This column appeared originally in THE DAILY BEAST.
The two candidates for president share more than their Harvard Law degrees and their fiercely competitive instincts: both Barack Obama and Mitt Romney convey an odd but undeniable sense of rootlessness, bearing connections to so many different corners of the country that they don’t seem to originate from any place in particular.
That disconnect from any organic, regional identity has undoubtedly contributed to the ongoing “birther” insanity, with dedicated crackpots supplementing their long-standing challenges to Obama’s status as a “natural born” citizen with new lawsuits claiming that Romney fails to qualify for the presidency due to his father’s Mexican birth. Unlike Bill Clinton, whose accent, personal history and long service as governor stamped him indelibly as a son of Arkansas, Romney and Obama seem cosmopolitan rather than homey, national (and even international) rather than local.
Everyone knows that Romney won election as Governor of Massachusetts, but he established other homes in New Hampshire and California after growing up in Michigan. His father, George Romney, served three terms as governor of the Wolverine State, but Mitt’s grandparents made their home in Mexico and lived there until George was a small boy. The Romneys also enjoy strong ties to Utah, where Mitt spent his undergraduate years at BYU and rescued the 2002 Winter Olympics.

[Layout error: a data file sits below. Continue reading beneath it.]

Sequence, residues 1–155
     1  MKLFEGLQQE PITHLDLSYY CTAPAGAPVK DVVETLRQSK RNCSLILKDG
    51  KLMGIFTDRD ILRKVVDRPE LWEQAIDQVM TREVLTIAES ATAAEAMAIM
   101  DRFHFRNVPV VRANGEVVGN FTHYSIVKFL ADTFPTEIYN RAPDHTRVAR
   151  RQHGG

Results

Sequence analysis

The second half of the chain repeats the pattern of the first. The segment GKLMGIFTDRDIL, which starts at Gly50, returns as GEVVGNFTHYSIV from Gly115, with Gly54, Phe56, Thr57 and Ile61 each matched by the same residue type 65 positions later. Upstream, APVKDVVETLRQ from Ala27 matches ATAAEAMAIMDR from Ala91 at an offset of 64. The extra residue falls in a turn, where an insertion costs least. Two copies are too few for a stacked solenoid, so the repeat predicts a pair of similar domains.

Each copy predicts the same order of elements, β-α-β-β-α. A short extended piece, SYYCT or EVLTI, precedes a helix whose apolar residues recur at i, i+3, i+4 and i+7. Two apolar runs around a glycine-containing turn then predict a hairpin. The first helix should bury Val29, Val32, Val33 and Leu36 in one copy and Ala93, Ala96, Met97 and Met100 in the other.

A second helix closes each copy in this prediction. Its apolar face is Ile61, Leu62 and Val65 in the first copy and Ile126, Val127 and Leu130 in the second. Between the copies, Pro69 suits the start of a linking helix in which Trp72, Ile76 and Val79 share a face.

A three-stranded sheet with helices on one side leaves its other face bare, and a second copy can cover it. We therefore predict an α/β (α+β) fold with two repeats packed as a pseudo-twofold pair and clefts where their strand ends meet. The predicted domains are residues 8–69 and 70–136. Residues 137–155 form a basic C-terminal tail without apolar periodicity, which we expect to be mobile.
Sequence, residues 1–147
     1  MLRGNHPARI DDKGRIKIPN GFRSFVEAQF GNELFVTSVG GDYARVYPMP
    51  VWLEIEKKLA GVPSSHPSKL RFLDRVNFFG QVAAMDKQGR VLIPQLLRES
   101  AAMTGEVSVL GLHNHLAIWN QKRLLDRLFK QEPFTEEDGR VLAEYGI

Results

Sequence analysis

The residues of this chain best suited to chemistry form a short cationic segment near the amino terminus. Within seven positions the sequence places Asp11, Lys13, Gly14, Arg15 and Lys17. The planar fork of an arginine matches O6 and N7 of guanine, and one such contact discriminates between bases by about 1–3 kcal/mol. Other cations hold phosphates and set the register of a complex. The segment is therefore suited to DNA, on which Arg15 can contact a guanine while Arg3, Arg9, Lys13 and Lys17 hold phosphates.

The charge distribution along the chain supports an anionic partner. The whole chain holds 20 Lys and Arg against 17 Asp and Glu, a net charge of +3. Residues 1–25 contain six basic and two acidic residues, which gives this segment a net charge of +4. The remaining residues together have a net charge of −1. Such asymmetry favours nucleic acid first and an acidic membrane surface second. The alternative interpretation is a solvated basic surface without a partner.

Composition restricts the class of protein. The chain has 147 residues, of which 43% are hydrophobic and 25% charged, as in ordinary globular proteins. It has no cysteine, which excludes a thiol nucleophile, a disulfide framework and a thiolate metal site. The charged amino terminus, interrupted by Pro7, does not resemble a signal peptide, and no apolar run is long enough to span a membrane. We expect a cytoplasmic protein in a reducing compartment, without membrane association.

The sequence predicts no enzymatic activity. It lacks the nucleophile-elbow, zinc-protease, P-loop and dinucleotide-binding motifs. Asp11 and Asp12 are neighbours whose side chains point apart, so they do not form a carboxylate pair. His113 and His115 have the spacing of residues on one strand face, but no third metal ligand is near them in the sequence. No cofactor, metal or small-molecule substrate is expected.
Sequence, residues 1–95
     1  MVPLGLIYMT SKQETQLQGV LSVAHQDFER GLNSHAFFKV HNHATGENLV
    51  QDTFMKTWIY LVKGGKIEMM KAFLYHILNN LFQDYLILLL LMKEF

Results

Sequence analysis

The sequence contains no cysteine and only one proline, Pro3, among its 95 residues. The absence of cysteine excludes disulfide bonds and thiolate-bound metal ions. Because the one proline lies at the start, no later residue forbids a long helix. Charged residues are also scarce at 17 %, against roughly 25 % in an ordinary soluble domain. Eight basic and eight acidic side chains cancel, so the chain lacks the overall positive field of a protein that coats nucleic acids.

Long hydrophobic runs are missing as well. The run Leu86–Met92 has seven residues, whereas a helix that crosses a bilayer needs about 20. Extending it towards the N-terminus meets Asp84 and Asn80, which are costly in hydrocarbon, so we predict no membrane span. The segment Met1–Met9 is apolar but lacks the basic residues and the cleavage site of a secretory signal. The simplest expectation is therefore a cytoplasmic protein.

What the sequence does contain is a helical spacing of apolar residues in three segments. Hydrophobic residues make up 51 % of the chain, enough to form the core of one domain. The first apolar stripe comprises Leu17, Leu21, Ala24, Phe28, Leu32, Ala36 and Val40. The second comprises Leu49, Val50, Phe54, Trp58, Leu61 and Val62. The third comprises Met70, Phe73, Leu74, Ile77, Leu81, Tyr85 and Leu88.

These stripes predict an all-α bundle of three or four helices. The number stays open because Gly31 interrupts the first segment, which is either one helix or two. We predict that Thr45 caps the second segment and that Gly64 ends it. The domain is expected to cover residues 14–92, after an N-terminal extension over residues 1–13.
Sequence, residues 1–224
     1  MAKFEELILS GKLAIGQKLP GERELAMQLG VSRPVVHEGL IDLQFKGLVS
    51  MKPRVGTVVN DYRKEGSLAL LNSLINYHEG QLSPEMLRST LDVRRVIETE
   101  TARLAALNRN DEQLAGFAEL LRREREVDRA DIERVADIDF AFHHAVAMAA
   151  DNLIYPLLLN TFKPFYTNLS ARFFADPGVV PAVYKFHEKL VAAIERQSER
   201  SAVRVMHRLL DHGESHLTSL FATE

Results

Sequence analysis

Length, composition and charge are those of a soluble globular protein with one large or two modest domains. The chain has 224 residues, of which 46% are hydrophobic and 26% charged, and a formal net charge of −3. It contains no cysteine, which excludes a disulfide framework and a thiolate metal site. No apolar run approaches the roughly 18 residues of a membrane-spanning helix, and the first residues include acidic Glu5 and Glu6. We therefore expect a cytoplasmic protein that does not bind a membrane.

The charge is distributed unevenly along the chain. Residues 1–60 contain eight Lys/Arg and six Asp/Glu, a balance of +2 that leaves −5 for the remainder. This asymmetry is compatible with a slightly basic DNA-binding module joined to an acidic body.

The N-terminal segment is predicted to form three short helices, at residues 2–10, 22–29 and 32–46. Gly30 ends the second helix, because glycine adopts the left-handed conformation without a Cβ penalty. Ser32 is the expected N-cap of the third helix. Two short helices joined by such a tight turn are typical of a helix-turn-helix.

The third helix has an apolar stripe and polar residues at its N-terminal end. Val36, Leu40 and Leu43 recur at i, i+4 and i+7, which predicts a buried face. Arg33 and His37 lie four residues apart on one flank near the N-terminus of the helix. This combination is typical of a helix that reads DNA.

Whatever his virtues as a candidate, Governor Romney clearly lacks the distinctive New England flavor of the last Bay State candidate to win the presidency: John Fitzgerald Kennedy conveyed an unmistakable aura of Beantown authenticity, with his tangy accent, family heritage (his grandfather and namesake John Fitzgerald had been a beloved Mayor of Boston), love of sailing and elite regional schooling. By contrast, Governor Romney may be derided by his GOP opponents as a “Massachusetts moderate” but he could actually hail from just about anywhere – though short-lived attempts to present himself as a grits-loving honorary Southerner didn’t work out too well in the Mississippi primary.
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